Mirrors and fluidity, MDO and the remake of a concept store in Shanghai

More Design Office (MDO),




Interior Design, Refurbishment,

The MDO (More Design Office) studio founded by Jaycee Chui and Justin Bridgland has created Atelier Miss Lu in Shanghai, a concept store for women's clothing. A project that plays with visual literacy, to explore the meaning and possibility of the individual identity of those who visit the store.

  1. Blog
  2. Design
  3. Mirrors and fluidity, MDO and the remake of a concept store in Shanghai

Mirrors and fluidity, MDO and the remake of a concept store in Shanghai
In a world where we can shop conveniently online, a physical store needs to offer something different. We have thus moved from a brand design to a brand experience design concept, as it is precisely the personal experience that entices a customer to choose one brand over another.
This type of design is based on visual elements recognised by those who have a certain "visual literacy", a term coined in 1969 by John Debes, the founder of the International Visual Literacy Association. Because contrary to what we are led to think, it is not enough to look to understand the message of what we see. The term, in fact, refers to a group of visual skills that a human being can develop by seeing and at the same time having and integrating other sensory experiences. Exactly what Jaycee Chui and Justin Bridgland from the MDO (More Design Office) studio used as the basis for the interior design of the renovated Atelier Miss Lu concept store on Shanghai's Shaanxi North Road to enhance the brand identity and image.
MDO, in fact, seeks to measure the space and tell the brand's emotions through architectural mindsets. This happens by interpreting brand culture, stimulating sales and driving business practices with the product and customer experience at the core.
These ideas are translated by the two designers thanks to a fluid interior design, where the new corporate image is adopted and expressed in the concept of a labyrinth and arches and the lines that define the different levels of the store. The curved and textured walls are in stark contrast to the metals of the shelves and furniture. Natural light penetrates through the windows protected on the top floor by a grate and is reflected on the ivory-textured walls and dark floors. This design gesture generates a fascinating geometric pattern of light and shadow, creating a quiet and poetic atmosphere in the store's spaces.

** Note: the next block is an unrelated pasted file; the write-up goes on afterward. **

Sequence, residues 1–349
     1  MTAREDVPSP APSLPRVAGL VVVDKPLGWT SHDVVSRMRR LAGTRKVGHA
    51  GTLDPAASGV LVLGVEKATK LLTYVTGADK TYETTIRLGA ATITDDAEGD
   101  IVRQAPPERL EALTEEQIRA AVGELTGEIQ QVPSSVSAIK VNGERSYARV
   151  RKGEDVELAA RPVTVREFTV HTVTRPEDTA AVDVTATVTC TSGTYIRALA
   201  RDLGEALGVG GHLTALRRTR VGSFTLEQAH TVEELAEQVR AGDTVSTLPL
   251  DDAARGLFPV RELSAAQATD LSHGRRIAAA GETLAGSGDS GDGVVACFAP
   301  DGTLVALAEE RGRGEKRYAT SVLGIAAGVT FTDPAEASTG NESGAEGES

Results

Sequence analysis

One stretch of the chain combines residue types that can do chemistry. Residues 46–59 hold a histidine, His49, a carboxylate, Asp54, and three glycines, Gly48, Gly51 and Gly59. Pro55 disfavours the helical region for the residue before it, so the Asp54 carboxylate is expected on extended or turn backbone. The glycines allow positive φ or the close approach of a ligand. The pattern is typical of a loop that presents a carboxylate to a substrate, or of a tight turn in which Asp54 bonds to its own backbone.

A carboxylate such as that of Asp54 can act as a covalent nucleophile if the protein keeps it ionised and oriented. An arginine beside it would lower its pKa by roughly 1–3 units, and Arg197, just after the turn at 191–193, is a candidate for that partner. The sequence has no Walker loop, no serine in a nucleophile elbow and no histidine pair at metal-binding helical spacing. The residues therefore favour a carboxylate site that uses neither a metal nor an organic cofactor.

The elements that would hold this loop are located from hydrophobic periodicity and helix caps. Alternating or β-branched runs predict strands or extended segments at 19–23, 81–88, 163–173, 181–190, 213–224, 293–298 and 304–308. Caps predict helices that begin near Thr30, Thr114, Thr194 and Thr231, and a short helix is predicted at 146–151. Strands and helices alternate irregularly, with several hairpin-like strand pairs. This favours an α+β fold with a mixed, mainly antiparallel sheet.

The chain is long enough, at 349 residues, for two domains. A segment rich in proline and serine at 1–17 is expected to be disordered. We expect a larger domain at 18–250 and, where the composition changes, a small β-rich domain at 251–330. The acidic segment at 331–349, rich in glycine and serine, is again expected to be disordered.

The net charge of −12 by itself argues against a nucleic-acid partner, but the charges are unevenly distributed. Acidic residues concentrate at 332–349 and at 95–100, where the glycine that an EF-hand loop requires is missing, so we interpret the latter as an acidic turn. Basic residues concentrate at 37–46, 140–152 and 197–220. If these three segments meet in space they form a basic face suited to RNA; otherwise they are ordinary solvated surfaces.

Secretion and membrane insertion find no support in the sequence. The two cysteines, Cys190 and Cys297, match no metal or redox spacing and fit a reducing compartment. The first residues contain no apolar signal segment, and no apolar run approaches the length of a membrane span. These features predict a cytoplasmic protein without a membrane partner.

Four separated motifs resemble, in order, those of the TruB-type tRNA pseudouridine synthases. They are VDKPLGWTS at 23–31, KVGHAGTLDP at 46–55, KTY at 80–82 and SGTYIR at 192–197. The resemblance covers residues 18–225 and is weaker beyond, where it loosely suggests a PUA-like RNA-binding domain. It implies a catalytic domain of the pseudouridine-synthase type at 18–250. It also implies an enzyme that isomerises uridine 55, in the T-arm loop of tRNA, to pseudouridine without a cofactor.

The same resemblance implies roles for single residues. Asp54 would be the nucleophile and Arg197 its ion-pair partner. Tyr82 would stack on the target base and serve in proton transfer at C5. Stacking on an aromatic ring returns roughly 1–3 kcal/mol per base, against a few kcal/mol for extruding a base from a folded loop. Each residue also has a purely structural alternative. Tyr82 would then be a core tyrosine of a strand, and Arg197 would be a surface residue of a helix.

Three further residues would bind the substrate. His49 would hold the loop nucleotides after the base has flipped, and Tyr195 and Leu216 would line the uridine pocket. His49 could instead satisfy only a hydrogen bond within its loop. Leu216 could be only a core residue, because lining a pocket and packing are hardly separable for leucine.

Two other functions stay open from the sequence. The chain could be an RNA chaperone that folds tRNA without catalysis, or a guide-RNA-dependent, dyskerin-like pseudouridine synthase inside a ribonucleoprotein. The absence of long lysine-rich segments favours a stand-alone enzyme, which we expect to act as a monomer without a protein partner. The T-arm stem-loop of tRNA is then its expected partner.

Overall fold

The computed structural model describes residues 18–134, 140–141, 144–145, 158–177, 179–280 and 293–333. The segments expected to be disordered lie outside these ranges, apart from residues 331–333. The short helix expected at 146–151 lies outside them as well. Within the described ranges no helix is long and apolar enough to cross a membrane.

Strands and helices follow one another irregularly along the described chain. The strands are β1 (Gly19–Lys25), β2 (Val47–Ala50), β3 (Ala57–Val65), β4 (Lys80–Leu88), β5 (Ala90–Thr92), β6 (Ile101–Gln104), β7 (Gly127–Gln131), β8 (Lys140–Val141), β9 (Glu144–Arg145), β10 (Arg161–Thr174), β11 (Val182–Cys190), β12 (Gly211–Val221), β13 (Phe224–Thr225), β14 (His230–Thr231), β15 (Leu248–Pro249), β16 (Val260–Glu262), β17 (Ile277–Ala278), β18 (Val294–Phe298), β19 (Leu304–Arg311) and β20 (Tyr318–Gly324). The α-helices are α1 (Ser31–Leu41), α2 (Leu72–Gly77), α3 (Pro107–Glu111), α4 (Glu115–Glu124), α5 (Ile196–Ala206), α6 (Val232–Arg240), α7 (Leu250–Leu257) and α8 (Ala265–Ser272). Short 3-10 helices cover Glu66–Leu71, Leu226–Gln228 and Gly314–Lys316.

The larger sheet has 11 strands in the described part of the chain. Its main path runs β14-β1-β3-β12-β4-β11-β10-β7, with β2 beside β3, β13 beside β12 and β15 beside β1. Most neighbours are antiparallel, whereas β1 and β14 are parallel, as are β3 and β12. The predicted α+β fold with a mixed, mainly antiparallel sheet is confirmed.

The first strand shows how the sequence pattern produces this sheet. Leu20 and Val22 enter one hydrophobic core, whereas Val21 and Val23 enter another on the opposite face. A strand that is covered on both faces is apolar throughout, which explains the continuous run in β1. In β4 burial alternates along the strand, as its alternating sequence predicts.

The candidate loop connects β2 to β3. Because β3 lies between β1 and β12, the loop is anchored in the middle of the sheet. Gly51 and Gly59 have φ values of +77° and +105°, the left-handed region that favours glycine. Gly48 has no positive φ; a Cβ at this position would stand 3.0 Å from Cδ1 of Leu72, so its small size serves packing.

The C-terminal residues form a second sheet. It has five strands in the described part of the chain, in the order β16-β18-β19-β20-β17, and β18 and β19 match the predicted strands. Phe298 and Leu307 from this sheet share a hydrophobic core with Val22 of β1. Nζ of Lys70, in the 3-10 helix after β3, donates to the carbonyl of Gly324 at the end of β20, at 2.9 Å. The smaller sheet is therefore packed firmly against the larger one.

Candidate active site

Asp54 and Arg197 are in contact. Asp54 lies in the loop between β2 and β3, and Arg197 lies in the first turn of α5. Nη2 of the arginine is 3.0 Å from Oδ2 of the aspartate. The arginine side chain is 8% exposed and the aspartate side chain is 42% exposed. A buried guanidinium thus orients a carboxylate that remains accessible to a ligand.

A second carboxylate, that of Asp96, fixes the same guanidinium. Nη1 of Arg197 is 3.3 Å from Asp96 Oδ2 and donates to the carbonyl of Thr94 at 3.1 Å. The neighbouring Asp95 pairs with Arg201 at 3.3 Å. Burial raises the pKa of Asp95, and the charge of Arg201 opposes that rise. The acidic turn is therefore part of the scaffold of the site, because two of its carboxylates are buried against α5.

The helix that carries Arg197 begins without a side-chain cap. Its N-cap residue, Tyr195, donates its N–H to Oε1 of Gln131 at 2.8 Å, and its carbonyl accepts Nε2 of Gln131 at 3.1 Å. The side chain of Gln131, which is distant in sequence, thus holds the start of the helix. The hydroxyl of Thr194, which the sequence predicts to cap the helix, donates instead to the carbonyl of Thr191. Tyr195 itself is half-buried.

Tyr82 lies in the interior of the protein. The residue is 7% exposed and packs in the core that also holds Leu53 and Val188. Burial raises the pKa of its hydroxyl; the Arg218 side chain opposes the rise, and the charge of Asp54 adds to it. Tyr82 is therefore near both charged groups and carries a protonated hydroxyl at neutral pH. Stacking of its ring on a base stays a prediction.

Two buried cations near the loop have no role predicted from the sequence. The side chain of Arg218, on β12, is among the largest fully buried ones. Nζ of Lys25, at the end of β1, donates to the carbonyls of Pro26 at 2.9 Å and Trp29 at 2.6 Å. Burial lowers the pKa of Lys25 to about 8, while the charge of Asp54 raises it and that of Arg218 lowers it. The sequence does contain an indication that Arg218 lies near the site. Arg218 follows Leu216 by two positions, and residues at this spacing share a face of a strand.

The clear separation of functions between the shared exhibition room and the private dressing rooms using an intelligent pattern of mirrors, help create a "democratic and artistic space where freedom is accentuated by order", as we read in the press release.
In designing the VIP rooms and the dressing rooms, MDO's creatives wanted to allow for experimenting with new commercial and sales practices, with the user experience always at the centre. Apart from abstract installations inspired by the female body, the fulcrum of the intervention are mirrors. As Jaycee Chui and Justin Bridgland explain: "When the mirror reflects the interaction between customers and space, between customers and products, and with themselves, the brand attributes are completed." These are rotating mirrors that allow customers to view themselves against different backgrounds and depths of field and at multiple angles. In short, a challenge on how we look and what we see at the end.
MOD has applied the same concepts outside, focusing on the harmonious integration of the store into the city, attentively taking up the curved and straight lines dictated by the city on the street side. By rotating the walls, the designers break away from rigidity in favour of greater transparency and dialogue with the store's surrounding urban context, starting from what passersby see when they look.

Christiane Bürklein 

Project: MDO More Design Office
Location: Shanghai, China
Year: 2022
Images: SFAP


Stay in touch with the protagonists of architecture, Subscribe to the Floornature Newsletter